Mekamui on Belkol and the future of Panguna


Mekamui News

Talks of Belkol is very strong in the media, on the ground I interviewed several people. Some says it can go ahead but it doesn’t mean that it is to do with reopening the Panguna mine. Others says we don’t want it, and it never happen with a Company for the Indigenous people of the Island.

When I asked the Meekamui Military Government they sent me the statement below.The Government Government of Unity with President Philip Miriori told me that they opposed the Belkol and President Philip Miriori will put out a statement with in two days time.

Belkol is a cultural ceremony and only for Bougainvilleans to participate in it. BCL is a foreign company and has no culture to value what we value on our people, land and resources. They were a party to the atrocities and the blatant abuse of human rights violations committed by the PNG Security Forces by supplying accommodation, food, vehicles, fuels, money and logistics to the PNGDF. BCL has to pay compensation to the loss of 20, 000 lives, properties and damage to the environment. The demand made by the late President Francis Ona for BCL to pay 10 billion Kina for compensation is still outstanding.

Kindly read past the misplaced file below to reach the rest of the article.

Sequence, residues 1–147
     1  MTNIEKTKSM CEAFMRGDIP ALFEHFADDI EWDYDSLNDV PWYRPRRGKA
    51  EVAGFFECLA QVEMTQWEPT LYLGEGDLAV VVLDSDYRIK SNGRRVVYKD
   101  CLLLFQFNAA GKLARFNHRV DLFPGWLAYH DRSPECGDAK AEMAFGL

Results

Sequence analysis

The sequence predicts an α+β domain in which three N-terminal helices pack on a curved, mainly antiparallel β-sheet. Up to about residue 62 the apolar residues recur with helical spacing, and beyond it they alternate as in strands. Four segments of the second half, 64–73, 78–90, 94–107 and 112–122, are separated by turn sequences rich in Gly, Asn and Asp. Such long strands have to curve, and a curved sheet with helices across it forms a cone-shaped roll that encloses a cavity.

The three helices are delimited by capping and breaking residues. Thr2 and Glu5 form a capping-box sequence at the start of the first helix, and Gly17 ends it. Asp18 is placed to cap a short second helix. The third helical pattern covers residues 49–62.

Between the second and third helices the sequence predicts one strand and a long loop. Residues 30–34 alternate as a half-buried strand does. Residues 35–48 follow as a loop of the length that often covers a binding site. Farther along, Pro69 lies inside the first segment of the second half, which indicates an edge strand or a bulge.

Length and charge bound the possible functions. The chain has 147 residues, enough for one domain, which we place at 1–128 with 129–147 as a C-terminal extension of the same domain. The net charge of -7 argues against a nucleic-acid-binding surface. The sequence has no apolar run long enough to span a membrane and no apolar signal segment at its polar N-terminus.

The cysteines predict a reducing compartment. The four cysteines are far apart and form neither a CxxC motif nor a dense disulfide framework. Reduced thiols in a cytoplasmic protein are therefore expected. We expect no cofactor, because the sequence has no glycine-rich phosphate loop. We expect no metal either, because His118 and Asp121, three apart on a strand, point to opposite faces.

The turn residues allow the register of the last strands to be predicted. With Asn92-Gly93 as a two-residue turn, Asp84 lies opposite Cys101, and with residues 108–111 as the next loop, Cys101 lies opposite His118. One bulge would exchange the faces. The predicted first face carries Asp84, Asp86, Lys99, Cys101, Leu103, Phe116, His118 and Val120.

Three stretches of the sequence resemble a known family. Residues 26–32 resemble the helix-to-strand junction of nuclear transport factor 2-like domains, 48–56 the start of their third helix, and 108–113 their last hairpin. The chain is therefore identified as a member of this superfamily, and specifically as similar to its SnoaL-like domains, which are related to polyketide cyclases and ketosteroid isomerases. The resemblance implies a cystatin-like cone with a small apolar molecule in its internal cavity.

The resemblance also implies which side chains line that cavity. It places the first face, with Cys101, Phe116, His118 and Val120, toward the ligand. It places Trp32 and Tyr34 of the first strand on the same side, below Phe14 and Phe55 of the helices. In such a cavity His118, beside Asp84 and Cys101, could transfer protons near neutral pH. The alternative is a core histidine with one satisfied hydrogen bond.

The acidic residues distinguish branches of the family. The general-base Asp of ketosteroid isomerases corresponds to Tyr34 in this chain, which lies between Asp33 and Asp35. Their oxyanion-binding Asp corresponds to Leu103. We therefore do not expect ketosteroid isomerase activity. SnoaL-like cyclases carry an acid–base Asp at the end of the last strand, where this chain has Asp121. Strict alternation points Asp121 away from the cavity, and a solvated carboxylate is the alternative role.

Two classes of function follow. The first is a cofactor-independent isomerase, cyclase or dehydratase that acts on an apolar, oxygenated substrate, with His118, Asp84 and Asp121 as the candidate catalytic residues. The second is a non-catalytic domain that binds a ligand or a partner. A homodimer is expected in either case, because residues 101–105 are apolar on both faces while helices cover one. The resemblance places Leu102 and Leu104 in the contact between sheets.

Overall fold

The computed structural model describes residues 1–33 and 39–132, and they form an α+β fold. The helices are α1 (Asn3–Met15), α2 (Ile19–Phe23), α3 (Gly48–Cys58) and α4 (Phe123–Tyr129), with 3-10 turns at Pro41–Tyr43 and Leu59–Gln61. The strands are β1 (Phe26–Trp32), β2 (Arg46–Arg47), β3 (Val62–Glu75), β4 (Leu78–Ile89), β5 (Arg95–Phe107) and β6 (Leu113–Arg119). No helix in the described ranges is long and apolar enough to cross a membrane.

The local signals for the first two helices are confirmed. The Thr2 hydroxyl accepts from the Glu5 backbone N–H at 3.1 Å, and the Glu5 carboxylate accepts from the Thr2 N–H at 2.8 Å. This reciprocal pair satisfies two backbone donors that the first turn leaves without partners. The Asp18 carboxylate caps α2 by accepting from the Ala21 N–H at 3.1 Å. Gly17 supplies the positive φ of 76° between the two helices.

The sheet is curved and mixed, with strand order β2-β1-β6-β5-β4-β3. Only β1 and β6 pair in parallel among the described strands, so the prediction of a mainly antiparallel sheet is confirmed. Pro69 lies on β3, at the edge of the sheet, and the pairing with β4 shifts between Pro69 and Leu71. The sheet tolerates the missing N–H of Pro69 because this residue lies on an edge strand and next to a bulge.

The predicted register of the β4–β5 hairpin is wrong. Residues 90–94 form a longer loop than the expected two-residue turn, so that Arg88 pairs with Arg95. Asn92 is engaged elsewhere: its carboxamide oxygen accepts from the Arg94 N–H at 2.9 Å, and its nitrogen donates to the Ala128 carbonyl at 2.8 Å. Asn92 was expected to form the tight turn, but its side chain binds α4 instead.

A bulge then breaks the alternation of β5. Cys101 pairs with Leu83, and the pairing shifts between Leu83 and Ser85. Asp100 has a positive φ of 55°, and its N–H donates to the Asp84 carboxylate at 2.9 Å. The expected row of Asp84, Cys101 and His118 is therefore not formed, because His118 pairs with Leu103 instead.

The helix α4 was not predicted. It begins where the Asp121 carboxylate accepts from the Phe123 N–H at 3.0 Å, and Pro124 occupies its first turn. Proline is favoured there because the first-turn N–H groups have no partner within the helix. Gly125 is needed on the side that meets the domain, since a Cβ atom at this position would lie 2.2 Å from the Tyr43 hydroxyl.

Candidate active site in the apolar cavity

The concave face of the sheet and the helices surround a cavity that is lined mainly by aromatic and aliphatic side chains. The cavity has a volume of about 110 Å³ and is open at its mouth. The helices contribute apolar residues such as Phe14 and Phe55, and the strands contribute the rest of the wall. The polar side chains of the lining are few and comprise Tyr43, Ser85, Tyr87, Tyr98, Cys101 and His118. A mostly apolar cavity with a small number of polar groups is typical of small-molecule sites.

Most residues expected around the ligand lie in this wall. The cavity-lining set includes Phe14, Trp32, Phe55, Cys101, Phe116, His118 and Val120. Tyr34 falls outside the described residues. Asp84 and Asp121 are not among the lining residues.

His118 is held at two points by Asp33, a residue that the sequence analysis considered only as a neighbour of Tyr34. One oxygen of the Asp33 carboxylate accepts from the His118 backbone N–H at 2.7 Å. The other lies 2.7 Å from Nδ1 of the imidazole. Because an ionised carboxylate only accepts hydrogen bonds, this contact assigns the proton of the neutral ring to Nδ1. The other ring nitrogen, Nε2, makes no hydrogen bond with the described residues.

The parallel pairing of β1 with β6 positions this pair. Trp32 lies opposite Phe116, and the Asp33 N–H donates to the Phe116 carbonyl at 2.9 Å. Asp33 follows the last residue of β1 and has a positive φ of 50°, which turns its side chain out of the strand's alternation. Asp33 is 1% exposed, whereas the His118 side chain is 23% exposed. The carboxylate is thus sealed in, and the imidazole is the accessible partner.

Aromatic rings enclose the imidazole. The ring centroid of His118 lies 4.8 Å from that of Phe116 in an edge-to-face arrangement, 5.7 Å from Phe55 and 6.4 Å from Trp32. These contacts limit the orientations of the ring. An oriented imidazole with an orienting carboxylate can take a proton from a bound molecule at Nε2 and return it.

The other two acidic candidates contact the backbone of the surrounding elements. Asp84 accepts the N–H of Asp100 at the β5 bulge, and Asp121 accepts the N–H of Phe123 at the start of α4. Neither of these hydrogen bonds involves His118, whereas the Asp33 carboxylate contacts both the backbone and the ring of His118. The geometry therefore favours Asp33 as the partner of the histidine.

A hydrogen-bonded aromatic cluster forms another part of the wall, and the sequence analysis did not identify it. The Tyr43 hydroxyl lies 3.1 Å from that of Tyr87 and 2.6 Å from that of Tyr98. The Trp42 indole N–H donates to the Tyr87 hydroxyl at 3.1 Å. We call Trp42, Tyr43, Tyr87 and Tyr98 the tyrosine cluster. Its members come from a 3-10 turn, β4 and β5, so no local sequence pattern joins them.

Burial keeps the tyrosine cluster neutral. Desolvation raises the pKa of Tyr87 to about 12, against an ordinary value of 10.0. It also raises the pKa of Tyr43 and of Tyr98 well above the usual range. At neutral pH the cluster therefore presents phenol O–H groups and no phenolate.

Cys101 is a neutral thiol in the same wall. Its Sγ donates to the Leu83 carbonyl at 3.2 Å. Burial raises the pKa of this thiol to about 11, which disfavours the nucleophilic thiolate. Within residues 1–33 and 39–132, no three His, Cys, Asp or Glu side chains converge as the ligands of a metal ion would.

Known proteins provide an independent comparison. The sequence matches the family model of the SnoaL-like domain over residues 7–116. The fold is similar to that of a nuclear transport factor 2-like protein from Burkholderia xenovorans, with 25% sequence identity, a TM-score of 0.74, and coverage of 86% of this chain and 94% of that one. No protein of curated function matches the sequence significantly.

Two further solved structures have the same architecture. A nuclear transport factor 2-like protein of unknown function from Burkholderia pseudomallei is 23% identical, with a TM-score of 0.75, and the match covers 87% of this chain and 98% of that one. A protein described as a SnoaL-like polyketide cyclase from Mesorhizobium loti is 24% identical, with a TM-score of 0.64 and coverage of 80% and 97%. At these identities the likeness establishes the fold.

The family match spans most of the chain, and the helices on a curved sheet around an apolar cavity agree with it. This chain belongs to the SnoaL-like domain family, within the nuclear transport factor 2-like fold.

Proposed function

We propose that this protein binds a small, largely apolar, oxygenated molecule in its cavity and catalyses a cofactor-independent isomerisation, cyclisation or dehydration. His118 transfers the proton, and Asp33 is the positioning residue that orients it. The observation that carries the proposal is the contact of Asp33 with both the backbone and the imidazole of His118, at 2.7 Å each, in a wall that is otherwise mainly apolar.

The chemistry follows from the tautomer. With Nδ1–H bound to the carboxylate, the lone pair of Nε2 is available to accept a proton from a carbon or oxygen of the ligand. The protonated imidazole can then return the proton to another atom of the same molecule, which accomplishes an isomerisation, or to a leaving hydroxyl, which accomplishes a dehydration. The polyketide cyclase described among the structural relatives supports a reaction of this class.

According to the custom of the people of Bougainville the people of Guava Village and Panguna District are the ones who can be involve in the BELKOL ceremony to say sorry to other Bougainvilleans who lost their lives supporting the cause of the late Francis Ona.

BCL has no place in the custom of Bougainvilleans and we do not welcome them in Bougainville for making a mockery out of BELKOL our good custom that regulate peace and unity among our people. I demand those Bougainvilleans involve in the BELKOL exercise to stay out of it and disqualify themselves for making a FOOL out of themselves for the money they can solicit from the expense of degrading our good custom the BELKOL.

Read this earlier linked post: Rio Tinto’s inhumanity has no precedent on Bougainville – Belkol does not apply


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Filed under Environmental impact, Human rights, Papua New Guinea

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